Planning For Future Hurricanes

There has been a lot of discussion here in Florida about what should be done in the future to prepare for the increasing frequency of killer hurricanes. As the ocean gets warmer, more storms develop with stronger winds. Several weeks ago Hurricane Ian left swollen lakes and rivers in Florida that continue to have communities underwater. St. Johns River, the largest river in Florida, is not expected to recede until Thanksgiving. Further south areas like Fort Myers have been devastated by Ian’s winds and rains. Some displaced residents say they are leaving Florida for good.

For the future, we all need to re-assess the dangers of coastal living. Should communities allow re-building on barrier islands? Should low lying areas be left without homes? Should home owners on the coast be required to “lift” their homes by 3 feet to prevent future flooding? Clearwater did this several decades ago on Bay Drive after extensive flooding damage. These are hard questions, but they are necessary. Port Richey was originally developed on the river where the land is low lying. Back 10 years ago there were several years of bad flooding in that area. By the third year in a row, the city bought the homes and removed them. No one is allowed to build there.

There are also questions other communities in the country should consider. If you live in an area known as tornado alley or by a major river that can flood your town, what can be done to protect your home? Should certain areas not be re-built? Should local building codes require lifting foundations higher?

I’ve written before about emergency preparedness. You can check out the post, Get Ready for Emergencies with ideas and forms to fit any emergency. I often do a review post in May to remind everyone to re-check your emergency plan annually. Needs change.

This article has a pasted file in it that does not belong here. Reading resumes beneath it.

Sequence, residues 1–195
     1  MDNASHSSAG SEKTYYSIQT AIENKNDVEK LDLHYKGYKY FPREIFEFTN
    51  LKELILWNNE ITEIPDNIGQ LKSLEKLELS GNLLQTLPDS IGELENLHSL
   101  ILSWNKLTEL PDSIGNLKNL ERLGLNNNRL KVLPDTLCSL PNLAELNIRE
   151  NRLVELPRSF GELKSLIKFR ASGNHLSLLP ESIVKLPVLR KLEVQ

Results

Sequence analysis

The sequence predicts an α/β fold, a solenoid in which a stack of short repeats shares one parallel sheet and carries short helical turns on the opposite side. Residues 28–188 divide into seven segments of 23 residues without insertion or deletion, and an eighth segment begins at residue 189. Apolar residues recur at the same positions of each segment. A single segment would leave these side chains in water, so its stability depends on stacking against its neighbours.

Recommended steps

  1.  Check with your local emergency agency for information.  All states and counties have such an agency.  Follow their steps for disaster planning.
  2. Build a disaster supply kit or refresh your existing one.
  3. Make an emergency plan or update an existing one for your family and/or business.  This should include your pets.
  4. Follow emergency agencies on Twitter to receive up to date information at times of natural disaster.  See  Emergency Preparation for the list.

Part of any emergency plan includes:

Store Food and Water

One of the first things you should do in advance is to stock up with non-perishable food and water. Taste of Home has a great article, 15 Hurricane Foods To Stock Up. If there’s a serious storm heading your way, the time to prepare for a disaster is long before the storm hits. They’ve rounded up a list of non-perishable, no-cook hurricane foods to stock in your pantry ASAP. Your hurricane food kit should contain at least a three-day supply for each person in the house.  Choose food that requires little or no preparation, won’t need electricity to store or cook, and won’t spoil easily. It’s important to have enough water for everyone in the house. The standard supply is 1 gallon of water per person per day. Keep at least a 3 day supply.

Image by Nick Kwan via Pexels

Inspect Your Landscape